, pomegranate
The pomegranate , Punica granatum, is a fruit-bearing deciduous shrub or small tree growing between five and eight meters tall.Native to the area of modern day Iran, the pomegranate has been cultivated in the Caucasus since ancient times. From there it spread to Asian areas such as the Caucasus as...

, mulberry
Morus is a genus of flowering plants in the family Moraceae. The 10–16 species of deciduous trees it contains are commonly known as Mulberries....

, sycamore
Sycamore is a name which is applied at various times and places to three very different types of trees, but with somewhat similar leaf forms....

, and other trees, surrounded every way by a very fertile neighborhood. The inhabitants are evidently industrious and thriving, and the whole country between this and Ramleh is fast being filled up with their flourishing orchards. Rarely have I beheld a rural scene more delightful than this presented in early harvest ... It must be seen, heard, and enjoyed to be appreciated.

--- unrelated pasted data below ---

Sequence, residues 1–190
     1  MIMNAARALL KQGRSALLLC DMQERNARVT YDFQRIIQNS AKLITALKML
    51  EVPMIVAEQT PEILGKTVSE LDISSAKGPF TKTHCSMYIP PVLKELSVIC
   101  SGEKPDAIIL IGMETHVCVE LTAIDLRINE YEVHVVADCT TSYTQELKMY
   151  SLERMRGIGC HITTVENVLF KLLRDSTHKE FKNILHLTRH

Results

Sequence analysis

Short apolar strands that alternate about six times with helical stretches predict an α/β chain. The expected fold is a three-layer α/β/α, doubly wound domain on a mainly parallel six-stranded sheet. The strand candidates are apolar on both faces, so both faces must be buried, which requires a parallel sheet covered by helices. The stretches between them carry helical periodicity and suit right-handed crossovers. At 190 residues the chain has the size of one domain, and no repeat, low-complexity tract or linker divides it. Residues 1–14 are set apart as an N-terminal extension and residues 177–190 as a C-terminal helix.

In 1870, under the rule of the Ottoman empire
Ottoman Empire
The Ottoman EmpireIt was usually referred to as the "Ottoman Empire", the "Turkish Empire", the "Ottoman Caliphate" or more commonly "Turkey" by its contemporaries...

, the current Church of Saint George was built. In 1892 the first railway station in the entire region was established in the city. In the second half of the 19th century, Jewish merchants migrated to the city but left after the 1921 Jaffa riots
Jaffa riots
The Jaffa riots were a series of violent riots in Palestine on May 1–7, 1921, which began as a fight between two Jewish groups but developed into an attack by Arabs on Jews during which many were killed...

. By this time, Lydda was under the administration of the British Mandate in Palestine, as per a League of Nations
League of Nations
The League of Nations was an intergovernmental organization founded as a result of the Paris Peace Conference that ended the First World War. It was the first permanent international organization whose principal mission was to maintain world peace...

 decree that followed World War I
World War I
World War I , which was predominantly called the World War or the Great War from its occurrence until 1939, and the First World War or World War I thereafter, was a major war centred in Europe that began on 28 July 1914 and lasted until 11 November 1918...

. During World War II